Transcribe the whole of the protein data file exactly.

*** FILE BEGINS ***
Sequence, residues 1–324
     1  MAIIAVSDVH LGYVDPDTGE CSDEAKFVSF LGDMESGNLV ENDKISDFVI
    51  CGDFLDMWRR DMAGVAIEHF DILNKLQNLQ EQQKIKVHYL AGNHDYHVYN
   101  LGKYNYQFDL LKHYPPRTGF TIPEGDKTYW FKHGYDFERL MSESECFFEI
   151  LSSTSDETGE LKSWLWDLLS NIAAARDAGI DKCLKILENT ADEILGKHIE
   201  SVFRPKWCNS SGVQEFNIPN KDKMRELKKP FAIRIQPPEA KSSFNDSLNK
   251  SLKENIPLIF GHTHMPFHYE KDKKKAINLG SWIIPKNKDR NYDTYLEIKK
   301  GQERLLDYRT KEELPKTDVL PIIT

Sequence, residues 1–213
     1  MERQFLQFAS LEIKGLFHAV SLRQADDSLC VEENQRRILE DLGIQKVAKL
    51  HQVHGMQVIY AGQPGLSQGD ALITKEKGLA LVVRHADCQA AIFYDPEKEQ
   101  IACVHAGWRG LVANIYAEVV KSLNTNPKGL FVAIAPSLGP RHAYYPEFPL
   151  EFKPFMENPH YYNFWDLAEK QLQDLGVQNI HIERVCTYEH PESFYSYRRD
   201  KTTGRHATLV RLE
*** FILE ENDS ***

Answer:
Sequence, residues 1–324
     1  MAIIAVSDVH LGYVDPDTGE CSDEAKFVSF LGDMESGNLV ENDKISDFVI
    51  CGDFLDMWRR DMAGVAIEHF DILNKLQNLQ EQQKIKVHYL AGNHDYHVYN
   101  LGKYNYQFDL LKHYPPRTGF TIPEGDKTYW FKHGYDFERL MSESECFFEI
   151  LSSTSDETGE LKSWLWDLLS NIAAARDAGI DKCLKILENT ADEILGKHIE
   201  SVFRPKWCNS SGVQEFNIPN KDKMRELKKP FAIRIQPPEA KSSFNDSLNK
   251  SLKENIPLIF GHTHMPFHYE KDKKKAINLG SWIIPKNKDR NYDTYLEIKK
   301  GQERLLDYRT KEELPKTDVL PIIT

Sequence, residues 1–213
     1  MERQFLQFAS LEIKGLFHAV SLRQADDSLC VEENQRRILE DLGIQKVAKL
    51  HQVHGMQVIY AGQPGLSQGD ALITKEKGLA LVVRHADCQA AIFYDPEKEQ
   101  IACVHAGWRG LVANIYAEVV KSLNTNPKGL FVAIAPSLGP RHAYYPEFPL
   151  EFKPFMENPH YYNFWDLAEK QLQDLGVQNI HIERVCTYEH PESFYSYRRD
   201  KTTGRHATLV RLE